You’ll find that, to protect the paintwork, most brands recommend using a specialist cleaning product. Again, like visors, you need to avoid products that contain polycarbonate-weakening ammonia. Most of the budget helmets use polycarbonate for the outer shell construction. You also need to avoid petroleum distillate too, as it can have a detrimental effect on the finish of your helmet. This means degreasers that you may have used when cleaning your bike aren’t suitable for your helmet.
If you’ve run out of specialist cleaner, or don’t feel the cost is necessary, then you can use water with a very small amount of washing liquid – the reason for going for a specialist product is they are formulated to use the correct chemicals to protect the paint and any glues, sealants and resins that may be used on the shell and visor. With a washing liquid, you don’t really know what chemicals they use – unless you’re a chemist of course!
As you clean, it’s a good idea to keep an eye out for small chips and cracks in the paintwork – signs that the helmet might be damaged.
Cleaning the helmet lining
Again there are specialist cleaning products and again you can use mild soapy water. You should remember that the lining sits next to your skin and gently rubs it constantly, so use a detergent that is preferably PH-balanced.
It’s far better to lightly spray the material and then gently dab at the lining with a sponge or cloth – not scrubbing as that could damage it. If you are persistent enough, even stubborn stains with come out with the dabbing technique.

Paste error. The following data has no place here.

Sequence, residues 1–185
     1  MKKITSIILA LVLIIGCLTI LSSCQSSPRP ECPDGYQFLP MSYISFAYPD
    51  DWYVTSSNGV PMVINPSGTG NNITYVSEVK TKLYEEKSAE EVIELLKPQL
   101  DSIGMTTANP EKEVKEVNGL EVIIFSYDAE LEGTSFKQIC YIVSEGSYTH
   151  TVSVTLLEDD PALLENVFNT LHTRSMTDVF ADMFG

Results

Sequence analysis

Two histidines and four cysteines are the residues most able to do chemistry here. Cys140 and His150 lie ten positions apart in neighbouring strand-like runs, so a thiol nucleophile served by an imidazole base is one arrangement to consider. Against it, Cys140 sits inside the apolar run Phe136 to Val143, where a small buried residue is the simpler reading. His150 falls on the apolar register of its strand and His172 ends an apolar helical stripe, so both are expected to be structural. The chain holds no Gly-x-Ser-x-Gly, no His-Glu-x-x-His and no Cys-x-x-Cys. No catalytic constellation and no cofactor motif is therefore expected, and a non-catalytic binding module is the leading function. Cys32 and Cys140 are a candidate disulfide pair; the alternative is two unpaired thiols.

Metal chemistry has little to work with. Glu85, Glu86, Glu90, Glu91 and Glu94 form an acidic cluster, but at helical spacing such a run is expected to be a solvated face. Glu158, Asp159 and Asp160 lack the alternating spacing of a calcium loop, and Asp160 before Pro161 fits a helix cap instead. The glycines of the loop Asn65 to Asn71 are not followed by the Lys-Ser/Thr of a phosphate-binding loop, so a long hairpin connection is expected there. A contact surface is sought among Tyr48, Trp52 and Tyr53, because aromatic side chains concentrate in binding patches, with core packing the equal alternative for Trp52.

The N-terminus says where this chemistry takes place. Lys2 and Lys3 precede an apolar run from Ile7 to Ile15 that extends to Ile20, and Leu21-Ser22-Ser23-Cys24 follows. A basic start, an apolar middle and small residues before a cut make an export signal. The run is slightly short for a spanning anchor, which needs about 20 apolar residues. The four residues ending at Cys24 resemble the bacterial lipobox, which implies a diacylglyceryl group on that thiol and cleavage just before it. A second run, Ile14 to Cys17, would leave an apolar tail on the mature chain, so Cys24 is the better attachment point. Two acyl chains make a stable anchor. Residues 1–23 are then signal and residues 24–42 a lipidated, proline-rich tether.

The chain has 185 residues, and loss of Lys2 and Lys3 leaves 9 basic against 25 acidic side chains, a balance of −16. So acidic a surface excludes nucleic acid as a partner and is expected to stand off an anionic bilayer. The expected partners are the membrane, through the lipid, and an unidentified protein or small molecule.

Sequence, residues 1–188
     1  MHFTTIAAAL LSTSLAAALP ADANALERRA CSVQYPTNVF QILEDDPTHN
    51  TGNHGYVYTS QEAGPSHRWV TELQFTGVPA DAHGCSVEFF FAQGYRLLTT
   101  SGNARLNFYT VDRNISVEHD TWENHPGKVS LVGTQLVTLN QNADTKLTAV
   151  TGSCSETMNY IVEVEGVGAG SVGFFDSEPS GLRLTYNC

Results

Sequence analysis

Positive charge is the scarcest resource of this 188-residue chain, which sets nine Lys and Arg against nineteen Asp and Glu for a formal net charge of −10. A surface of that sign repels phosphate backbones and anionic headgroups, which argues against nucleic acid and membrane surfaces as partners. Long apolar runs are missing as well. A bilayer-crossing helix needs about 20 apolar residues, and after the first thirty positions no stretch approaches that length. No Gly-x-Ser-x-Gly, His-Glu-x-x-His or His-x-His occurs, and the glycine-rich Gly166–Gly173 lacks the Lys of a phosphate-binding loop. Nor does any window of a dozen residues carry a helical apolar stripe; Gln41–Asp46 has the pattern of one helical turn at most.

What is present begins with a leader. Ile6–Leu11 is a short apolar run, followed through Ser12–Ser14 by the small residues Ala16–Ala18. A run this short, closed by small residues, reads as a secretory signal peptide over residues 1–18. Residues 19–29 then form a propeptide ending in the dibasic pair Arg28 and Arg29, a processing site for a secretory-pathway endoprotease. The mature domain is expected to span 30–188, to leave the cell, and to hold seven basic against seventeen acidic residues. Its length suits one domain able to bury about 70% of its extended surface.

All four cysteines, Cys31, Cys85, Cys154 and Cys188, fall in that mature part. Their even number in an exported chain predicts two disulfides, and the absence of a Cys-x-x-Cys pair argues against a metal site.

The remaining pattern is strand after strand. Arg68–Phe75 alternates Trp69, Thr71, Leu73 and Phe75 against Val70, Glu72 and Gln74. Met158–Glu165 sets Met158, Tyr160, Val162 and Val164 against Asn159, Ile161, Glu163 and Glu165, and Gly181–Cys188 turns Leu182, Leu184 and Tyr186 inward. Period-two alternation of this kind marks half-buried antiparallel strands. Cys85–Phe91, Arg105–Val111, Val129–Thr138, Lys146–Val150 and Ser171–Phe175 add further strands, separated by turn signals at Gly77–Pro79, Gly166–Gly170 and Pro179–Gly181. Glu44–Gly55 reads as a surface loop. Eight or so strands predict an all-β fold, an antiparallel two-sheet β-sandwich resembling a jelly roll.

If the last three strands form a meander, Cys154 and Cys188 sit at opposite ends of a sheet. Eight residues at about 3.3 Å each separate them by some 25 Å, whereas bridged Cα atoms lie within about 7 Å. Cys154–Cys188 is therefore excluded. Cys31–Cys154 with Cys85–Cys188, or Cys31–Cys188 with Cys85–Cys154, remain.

Some liners can be put in the washing machine on a gentle cycle, using clothing washing liquid. A net bag will help prevent the lining becoming damaged.
Let the linings dry naturally, not using a heat source that could affect the foam inside the cheek pads. If it’s mid winter and you need the helmet for the morning, either put the linings in the airing cupboard or near, but not on, a radiator. Do not put them in a tumble dryer. Do not put them in the microwave or the oven…
What if you have an open face helmet or a budget-level full face helmet, where the lining isn’t removable?
Fill a large container with warm water and add a small amount mild detergent. Completely immerse the helmet in the water and with a cloth gently rub the cloth areas. Do not rub too hard.
Once you have the lining clean the water is likely to be very dirty. Replace it and soak the helmet again to rinse out the detergent. You may have to repeat this as few times to completely remove the detergent (there should be no bubbles when you gently press down on a padded area).
Set the helmet aside to dry naturally, away from any significant heat sources. To speed things up you could point an air fan, on a gentle non-heat, setting at the inside of the helmet. If you work in a large, don’t use a compressed airline to dry the lining – you could damage the helmet’s protective lining.
We think that covers it but if you have any other great tips then send them over to firstname.lastname@example.org
How to get yourself sorted:
A small bottle of spray can be kept on the bike. Wrap kitchen towel paper around it, held in place with a tie wrap or elastic band, and you’ll have an on-the-road cleaning kit for the worse visor bandits.